The National Park Service is awarding the University of California, Berkeley nearly $100,000 for a research project seeking to "honor the legacy" of the Marxist revolutionary group, the Black Panther Party.
According to the Washington Free Beacon, the National Park Service announced it was giving the university a $97,999.70 grant for the project, outside of the normal competitive bidding process. The funding announcement reads, in part,
This cooperative research project between the National Park Service (NPS) and the University of California, Berkeley (UCB) on the Black Panther Party (BPP) is anchored in historical methods, visual culture, and the preservation of sites and voices. The project will discover new links between the historical events concerning race that occurred in Richmond during World War II and the subsequent emergence of the BPP in the San Francisco Bay Area two decades later through research, oral history, and interpretation.
Committed to truthfully honoring the legacy of BPP activists and the San Francisco Bay Area communities they served, the project seeks to document the lives of activists and elders and the landscapes that shaped the movement. Producing an annotative bibliography that includes scholarly texts, newspaper, and magazine articles will be useful for future scholars of the movement. Equally significant, the project will document how the BPP impacted the visual arts, music, dance, and styles of the 1960s, 70s and 80s [and] will underscore the vastness of its impact on American culture.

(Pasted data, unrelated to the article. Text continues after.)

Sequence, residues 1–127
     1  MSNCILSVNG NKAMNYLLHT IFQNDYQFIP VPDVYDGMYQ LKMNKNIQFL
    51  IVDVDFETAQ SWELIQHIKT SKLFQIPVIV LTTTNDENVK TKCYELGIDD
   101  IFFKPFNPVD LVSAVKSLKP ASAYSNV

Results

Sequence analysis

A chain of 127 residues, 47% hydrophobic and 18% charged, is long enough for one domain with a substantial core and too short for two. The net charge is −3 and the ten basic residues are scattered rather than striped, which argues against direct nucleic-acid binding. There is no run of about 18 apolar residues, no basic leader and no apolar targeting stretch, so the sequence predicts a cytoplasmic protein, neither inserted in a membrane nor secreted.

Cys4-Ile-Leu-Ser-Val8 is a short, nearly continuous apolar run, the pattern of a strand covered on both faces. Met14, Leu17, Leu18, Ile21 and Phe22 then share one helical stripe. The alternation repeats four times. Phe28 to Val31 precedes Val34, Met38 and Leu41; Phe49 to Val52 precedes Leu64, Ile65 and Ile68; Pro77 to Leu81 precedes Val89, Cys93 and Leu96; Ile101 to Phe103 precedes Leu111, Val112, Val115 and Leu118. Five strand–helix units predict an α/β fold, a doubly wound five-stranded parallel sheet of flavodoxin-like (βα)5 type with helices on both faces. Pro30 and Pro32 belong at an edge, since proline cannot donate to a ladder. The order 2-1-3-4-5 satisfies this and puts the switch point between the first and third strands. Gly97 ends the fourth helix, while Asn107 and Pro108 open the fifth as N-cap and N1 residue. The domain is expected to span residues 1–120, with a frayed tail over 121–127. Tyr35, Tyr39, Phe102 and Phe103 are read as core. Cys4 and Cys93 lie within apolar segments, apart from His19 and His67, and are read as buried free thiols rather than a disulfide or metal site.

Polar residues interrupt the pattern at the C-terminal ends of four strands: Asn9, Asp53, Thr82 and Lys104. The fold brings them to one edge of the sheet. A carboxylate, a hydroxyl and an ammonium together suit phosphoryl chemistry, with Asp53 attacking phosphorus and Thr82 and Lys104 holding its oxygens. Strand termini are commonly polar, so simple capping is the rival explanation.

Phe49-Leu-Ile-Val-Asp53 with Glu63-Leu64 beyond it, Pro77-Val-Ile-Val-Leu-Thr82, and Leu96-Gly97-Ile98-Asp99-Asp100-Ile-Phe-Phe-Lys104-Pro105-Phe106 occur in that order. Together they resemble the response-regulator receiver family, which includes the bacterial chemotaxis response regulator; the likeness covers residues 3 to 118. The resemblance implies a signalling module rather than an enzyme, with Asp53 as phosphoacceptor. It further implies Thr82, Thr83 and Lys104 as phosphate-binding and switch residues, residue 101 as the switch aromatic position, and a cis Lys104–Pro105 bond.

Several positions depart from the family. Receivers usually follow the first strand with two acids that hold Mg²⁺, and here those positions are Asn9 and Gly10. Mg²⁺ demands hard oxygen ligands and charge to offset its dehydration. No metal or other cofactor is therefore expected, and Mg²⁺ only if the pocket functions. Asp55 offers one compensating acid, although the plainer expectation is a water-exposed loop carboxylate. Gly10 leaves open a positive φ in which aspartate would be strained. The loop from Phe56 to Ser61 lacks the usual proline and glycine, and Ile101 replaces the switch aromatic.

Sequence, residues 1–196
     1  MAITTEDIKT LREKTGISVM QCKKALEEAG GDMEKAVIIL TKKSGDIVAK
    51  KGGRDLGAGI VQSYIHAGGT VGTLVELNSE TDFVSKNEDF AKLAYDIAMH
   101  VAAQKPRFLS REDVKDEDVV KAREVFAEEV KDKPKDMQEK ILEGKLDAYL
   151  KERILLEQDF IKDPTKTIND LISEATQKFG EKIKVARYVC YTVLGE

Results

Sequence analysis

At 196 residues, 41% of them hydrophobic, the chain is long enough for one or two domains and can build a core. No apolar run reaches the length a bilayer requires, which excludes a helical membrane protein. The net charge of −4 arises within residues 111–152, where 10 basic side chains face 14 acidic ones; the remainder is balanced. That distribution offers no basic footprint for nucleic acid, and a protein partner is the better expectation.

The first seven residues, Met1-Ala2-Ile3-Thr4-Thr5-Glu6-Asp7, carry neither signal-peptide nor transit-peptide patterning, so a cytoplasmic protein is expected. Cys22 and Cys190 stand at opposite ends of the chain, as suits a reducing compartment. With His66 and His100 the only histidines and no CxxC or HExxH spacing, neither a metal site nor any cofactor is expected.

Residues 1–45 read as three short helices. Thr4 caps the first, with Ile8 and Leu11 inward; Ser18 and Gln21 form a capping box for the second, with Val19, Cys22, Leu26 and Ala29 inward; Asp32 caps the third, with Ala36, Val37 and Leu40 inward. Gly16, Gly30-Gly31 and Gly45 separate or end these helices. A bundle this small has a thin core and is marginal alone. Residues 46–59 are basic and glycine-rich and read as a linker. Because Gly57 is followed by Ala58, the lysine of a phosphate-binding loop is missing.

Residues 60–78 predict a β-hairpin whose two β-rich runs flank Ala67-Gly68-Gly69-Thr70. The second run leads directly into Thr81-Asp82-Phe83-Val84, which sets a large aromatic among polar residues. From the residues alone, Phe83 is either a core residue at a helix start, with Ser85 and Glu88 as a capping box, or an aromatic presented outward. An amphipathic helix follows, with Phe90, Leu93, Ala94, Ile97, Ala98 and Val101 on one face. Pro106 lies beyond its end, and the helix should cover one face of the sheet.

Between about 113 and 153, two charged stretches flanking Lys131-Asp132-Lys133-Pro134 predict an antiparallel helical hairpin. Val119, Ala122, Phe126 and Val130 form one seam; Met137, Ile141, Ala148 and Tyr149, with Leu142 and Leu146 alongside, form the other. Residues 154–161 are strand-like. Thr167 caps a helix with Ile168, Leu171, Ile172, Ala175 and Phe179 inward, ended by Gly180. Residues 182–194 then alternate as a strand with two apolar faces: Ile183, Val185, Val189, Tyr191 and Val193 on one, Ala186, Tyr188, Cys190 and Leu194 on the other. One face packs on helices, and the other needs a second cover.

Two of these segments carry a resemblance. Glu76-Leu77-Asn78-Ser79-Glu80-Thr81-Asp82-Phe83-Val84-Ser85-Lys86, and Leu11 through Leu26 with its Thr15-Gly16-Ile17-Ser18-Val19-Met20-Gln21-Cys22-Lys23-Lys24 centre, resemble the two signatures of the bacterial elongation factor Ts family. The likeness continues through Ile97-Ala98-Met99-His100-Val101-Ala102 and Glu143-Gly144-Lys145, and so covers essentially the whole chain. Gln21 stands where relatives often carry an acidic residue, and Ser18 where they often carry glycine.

"Bay Area sites that shaped the BPP will be identified in an effort to memorialize a history that brought meaning to lives far beyond the San Francisco Bay Area," the NPS added.
The Black Panther Party was founded in 1966 and dissolved in 1982. It began as a movement promoting self-defense for blacks in California, then became radicalized for "revolutionary intercommunalism" and abolishing capitalism. The FBI labels the BPP as advocates for "the use of violence and guerilla tactics to overthrow the U.S. government."
The National Park Service said the goal of the research project is to create a "model for bringing diverse voices and communities together to understand their collective past and inspire a better future." The NPS announced that it awarded the grant without competition because Berkeley is "uniquely qualified" to produce a history that honors the Black Panther Party.